To the best of my knowledge, not all “backward-functions” are exposed. In particular those in FunctionsManual.cpp, the backward computations which typically are composed themselves of PyTorch functions, are not themselves exported.

(At least that was the state last I looked. Personally, I think that they should be available programmatically, but it didn’t catch on.)

Best regards

Thomas

1 Like

Thanks, in the case of `addcdiv`

, when I do gradgradcheck, that is to calculate the second order of derivatives. I just successfully manually used grad_fn(torch.ones(1, device=‘cuda:0’)) to get the grad to the inputs of this grad_fn. And by looking at the next_functions, and then pass the grad of the inputs from last step as the input to this next_functions’ input, I can manually get the gradients to the leafs eventually. However, for some of the scalars, I have to do a manual `tensor.sum()`

to get the scalar gradients in the end. So I think the grad_fn class does contain the information including what shapes are accepted, what the constants to mul/div are.(e.g. in y = 2 * x, the 2 is a constant)

So my manual calculations using grad_fn does coninside with what should be. But on my machine, the gradgrad results for `addcdiv`

is not all correct. So I’m stuck at how to debug this. In the `addcdiv`

example, the backward-functions are all very simple, like SumBackward, MulBackward, NegBackward, DivBackward, AccumulateGrad. And I already got the graph of how they are chained together. But I don’t know where can I set a breakpoint in the c++/cuda source code in order to debug this. For example, if DivBackward for cuda tensor has some bug, where should I put a breakpoint for this? Much appreciated.

Right, calling the grad_fn works these days.

So there are three parts:

- part of the interface is generated at build-time in torch/csrc/autograd/generated . These include the code for the autograd Node classes like DivBackward.
- the generated wrapping code ultimately calls the function specified in tools/autograd/derivatives.yaml, which you can find in the source code (either in FunctionsManual.cpp or in aten/src/ATen/native/native_functions.yaml and implemented in ATen).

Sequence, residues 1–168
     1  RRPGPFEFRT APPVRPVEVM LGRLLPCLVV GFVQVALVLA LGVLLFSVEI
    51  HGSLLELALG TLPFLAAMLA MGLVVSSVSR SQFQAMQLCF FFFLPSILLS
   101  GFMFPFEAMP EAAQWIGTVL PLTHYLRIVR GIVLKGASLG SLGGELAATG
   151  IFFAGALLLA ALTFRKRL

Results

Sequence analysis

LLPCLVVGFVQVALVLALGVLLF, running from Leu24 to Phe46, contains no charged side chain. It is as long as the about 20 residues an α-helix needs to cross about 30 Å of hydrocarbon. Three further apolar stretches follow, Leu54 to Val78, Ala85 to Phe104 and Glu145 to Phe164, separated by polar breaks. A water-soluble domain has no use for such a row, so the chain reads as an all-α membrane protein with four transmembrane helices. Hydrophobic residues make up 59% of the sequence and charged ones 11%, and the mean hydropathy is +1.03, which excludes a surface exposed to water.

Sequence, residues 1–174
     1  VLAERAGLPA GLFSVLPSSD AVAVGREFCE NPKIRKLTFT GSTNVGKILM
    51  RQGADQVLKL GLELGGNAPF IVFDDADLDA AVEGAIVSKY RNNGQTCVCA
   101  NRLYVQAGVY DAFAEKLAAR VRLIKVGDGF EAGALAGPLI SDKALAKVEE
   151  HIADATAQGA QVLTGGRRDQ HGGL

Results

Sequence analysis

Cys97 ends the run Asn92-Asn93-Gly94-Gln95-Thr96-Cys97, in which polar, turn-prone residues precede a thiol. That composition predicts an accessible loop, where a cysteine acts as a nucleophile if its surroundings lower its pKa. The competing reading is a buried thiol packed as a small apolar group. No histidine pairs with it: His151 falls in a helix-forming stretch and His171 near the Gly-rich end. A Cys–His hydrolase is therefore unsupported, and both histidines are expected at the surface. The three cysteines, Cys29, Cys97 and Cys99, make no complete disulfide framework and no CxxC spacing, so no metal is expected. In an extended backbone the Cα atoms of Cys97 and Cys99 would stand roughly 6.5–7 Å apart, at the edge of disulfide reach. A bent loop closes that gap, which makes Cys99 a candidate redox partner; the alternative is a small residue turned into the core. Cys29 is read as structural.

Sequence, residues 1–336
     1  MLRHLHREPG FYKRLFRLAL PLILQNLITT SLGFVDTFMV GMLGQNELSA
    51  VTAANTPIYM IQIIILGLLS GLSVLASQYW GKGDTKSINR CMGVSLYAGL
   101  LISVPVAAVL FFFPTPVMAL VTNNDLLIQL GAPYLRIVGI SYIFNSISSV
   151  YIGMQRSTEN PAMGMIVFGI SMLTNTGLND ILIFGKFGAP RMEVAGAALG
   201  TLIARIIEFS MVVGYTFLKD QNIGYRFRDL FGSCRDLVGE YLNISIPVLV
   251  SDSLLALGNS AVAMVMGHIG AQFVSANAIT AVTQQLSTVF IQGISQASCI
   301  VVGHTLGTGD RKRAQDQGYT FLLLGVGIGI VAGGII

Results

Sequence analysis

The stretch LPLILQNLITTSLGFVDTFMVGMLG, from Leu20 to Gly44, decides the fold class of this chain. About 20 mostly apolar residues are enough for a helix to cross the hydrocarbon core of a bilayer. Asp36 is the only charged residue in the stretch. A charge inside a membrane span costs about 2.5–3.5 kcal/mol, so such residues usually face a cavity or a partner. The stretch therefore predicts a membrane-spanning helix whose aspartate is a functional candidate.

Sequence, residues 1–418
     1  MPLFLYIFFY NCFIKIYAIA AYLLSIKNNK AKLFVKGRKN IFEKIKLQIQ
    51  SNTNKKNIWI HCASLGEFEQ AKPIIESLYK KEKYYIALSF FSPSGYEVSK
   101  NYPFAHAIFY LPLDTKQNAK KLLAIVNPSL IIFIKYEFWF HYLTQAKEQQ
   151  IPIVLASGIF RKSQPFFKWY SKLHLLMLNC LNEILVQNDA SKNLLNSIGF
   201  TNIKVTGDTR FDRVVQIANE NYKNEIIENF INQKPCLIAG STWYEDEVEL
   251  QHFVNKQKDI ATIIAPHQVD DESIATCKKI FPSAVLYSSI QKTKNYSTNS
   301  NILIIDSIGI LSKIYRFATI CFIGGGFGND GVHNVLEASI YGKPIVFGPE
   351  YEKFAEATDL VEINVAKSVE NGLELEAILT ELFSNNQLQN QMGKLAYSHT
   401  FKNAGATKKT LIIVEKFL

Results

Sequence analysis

- the graph recording for the double backward is done by treating the PyTorch calls in the backward as regular PyTorch function calls and they again generate autograd nodes, so you are again in the situation of 1./2.

If you track down the functions to step 2 of the double backward, you could set breakpoints there.

Best regards

Thomas

By the way: Do you have a (smallish) reproducing example of the failing gradgradcheck? It is very likely that people would be keen to help debug it if they can reproduce the error.

1 Like

I have a question about addition operation between a scaler and a tensor. As follows, it crashes with shape mismatched error. It seems like y (a scaler) is implicitly expanded to the same size as x (a tensor). But in this case, how the gradient of y is calculated through next_functions?

```
x = torch.randn(4,4, requires_grad=True)
y = torch.tensor(2., requires_grad=True)
z = x * y
l = z.sum()
dl = torch.tensor(1.)
back_sum = l.grad_fn
dz = back_sum(dl)
back_mul = back_sum.next_functions[0][0]
dx, dy = back_mul(dz)
back_x = back_mul.next_functions[0][0]
back_x(dx)
back_y = back_mul.next_functions[1][0]
back_y(dy)
```

```
RuntimeError: output with shape [] doesn't match the broadcast shape [4, 4]
12207 back_y = back_mul.next_functions[1][0]
> 12208 back_y(dy)
```

So the backward of `y = x.expand(y_size)`

is `dl_dx = dl_dy.sum_to_size(x.size())`

.

Just as broadcasting is inserting implicit expands, the autograd engine will insert implicit “expand backwards” in the form of sumtosize. If you do the backwards manually, you have to do the `sum_to_size`

yourself.

Best regards

Thomas

2 Likes